• Let them know that you’ll be there for them in the hospital and at home when they need you.
  • Make sure the child understands that cancer isn’t a punishment for any of their actions.
  • Make sure your little one’s caring team treats them well and offers them options and rewards.
  • Convey to your child that they need treatment that will alleviate the pain they’re feeling. Say that the goal of the medication is to help them get stronger.
  • Explain procedures, techniques, and tests before they happen. Also, tell them that doctors sometimes have less painful ways of doing tests.
  • Try to use simple constructions, such as “some cells are good, and some are bad” to teach what cancer is. You can tell them that there’s a competition between said cells.

If your child is 5 years old, you’re going to tell them that cancer is a little ball that grew in you or it’s an enemy cell that’s growing in your blood and we’re going to fight against it.

– Doctor Sanchez –

Children from 7 to 12 years old

At this age, minors are capable of a basic understanding of the concept of cancer. They conceive of it based on their symptoms and in reference to the activities that are difficult for them to do compared to other children. They understand that medicines help them feel better.

At this stage, it’s also normal for them to be afraid of pain, and it’s likely that they turn to other sources of information, such as school, television, or the internet, to understand what’s happening to them. How should you speak to them? Let’s see below:

  • Explain the cells that cause cancer as ” the cells that cause problems.”
  • Let them know that their body has different types of cells with different jobs to take care of and that the “problem” cells are “causing problems” for the good cells; It’s for this reason that they’re undergoing treatment: Because the doctor will help them fight the “cells that cause problems.”
  • Talk to them about how it’s normal to get nervous, fed up with procedures, or cry. It’s okay to feel this way.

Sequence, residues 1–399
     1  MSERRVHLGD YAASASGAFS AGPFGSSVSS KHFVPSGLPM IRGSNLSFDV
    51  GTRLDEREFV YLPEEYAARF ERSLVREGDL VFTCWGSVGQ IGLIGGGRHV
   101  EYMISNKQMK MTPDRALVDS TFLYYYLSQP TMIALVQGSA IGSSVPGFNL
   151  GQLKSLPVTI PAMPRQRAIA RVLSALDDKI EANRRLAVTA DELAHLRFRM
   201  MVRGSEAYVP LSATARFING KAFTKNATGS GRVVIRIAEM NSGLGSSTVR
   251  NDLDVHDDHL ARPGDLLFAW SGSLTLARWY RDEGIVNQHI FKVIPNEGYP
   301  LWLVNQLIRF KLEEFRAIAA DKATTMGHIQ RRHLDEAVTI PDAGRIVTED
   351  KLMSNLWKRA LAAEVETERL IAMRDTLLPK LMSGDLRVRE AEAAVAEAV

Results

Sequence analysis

• Explore if they’ve heard or searched for information about cancer anywhere outside the hospital and address their concerns. It’s important to ensure that the minor has accurate information.

The doctor is the hero of your disease, they’re the only one who knows, because they’ve seen inside of you. The internet knows about other people, but not about you. If you have a question, we can call the doctor at any time and they’ll answer us.

– Doctor Sanchez –

A father talking to his teen son about something serious.
With adolescents, it’s crucial to be clear about the diagnosis, as at this stage, they tend to worry about various factors, for example, the side effects of treatment.

Children 12 years or older

From the age of 12, adolescents are already capable of understanding more complex concepts and imagining things that haven’t happened to them. They play with fantasy, and because of this, they may have many questions.

They think of their disease in terms of symptoms and understand that medications are allies in combating them, but they may also be concerned about physical side effects, such as hair loss or weight fluctuations. In addition, they may want to participate in decision-making. So, how do you tell your teenage child that they have cancer?

  • Explain the diagnosis as a disease in which there are cells that go wild and, consequently, grow very large and very fast. These wild cells are known as cancerous by doctors and get in the way of the proper functioning of the body.
  • Medical treatment will kill the wild cancer cells and the symptoms will disappear so the body will work well again.
  • Clarify procedures, tests, and their side effects.
  • Talk to the teen about their concerns, emotions, thoughts, and fears.

It’s better to be honest about the knowledge you have. You can say: “There’ll be things that I don’t know, but we can always address our questions with the doctors.”

– Doctor Sanchez –

It’s normal for these situations to overwhelm us, and it’s difficult for us to find a way to focus on them and deal with them. There are professionals who’ve been guiding people through challenges of this type for years, including doctors, nurses, psychologists, social workers, etc. We encourage you to contact them.

All cited sources were thoroughly reviewed by our team to ensure their quality, reliability, currency, and validity. The bibliography of this article was considered reliable and of academic or scientific accuracy.

This text is provided for informational purposes only and does not replace consultation with a professional. If in doubt, consult your specialist.